AT&T Wireless acknowledged that the UMTS service would be available in Seattle and San Francisco, but didn't name the other two metropolitan areas in which the fast data service would be available. Nor did the company say when--or whether--it or Cingular Wireless, which is acquiring AT&T Wireless, will expand on the rollout. It did say that devices from Motorola, NEC, and Nokia will be available for users of the service.
The UMTS rollout is required under an agreement AT&T Wireless undertook in 2001 with Japanese wireless carrier NTT DoCoMo. That operator acquired a 16% stake in the U.S. carrier, which is now in the process of being acquired by Cingular Wireless.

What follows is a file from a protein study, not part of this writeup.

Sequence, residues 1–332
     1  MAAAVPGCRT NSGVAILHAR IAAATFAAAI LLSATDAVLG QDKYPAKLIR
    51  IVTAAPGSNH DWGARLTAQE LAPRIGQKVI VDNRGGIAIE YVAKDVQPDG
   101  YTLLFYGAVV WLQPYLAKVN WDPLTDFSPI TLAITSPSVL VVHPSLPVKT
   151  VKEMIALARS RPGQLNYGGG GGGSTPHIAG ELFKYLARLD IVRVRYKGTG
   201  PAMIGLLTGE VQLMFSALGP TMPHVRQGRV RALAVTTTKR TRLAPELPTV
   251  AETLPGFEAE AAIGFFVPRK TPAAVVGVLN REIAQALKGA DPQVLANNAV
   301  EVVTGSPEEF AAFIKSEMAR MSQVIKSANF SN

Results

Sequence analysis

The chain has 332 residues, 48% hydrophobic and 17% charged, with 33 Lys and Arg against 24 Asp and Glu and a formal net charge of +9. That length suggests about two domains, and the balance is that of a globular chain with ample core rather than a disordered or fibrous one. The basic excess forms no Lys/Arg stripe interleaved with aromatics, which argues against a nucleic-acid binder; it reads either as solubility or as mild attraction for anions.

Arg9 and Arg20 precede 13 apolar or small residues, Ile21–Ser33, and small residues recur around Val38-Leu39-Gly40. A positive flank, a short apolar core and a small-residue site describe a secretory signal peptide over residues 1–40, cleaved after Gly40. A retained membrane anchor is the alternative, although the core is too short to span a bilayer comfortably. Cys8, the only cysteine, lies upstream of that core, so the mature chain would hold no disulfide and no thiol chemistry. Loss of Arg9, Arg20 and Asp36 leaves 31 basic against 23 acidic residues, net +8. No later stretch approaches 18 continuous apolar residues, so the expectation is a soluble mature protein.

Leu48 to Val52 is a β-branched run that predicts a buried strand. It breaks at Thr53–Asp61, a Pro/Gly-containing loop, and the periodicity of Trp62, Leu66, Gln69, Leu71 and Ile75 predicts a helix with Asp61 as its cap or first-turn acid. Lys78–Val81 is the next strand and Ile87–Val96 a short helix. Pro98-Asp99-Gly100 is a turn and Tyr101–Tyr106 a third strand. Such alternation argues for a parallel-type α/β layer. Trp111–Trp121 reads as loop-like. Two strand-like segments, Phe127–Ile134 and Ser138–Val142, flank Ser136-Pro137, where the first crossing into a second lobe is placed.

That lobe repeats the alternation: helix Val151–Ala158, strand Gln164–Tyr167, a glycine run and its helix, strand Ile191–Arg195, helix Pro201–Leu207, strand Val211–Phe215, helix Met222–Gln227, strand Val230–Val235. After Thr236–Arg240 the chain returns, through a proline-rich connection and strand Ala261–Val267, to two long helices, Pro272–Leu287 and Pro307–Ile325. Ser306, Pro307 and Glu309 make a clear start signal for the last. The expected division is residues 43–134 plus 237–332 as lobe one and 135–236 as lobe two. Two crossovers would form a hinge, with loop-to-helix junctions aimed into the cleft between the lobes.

AT&T has rolled out its Edge data network nationwide, which delivers typical data speeds in the 100-Kbps range. The UMTS network is expected to deliver speeds in the 384-Kbps range. AT&T Wireless previously confirmed that it was in the process of developing its UMTS plans; Monday's announcement merely confirms those plans.
Separately, AT&T Wireless and Sun Microsystems said that Sun's Java Desktop System will work with the wireless operator's Edge network starting in the fall.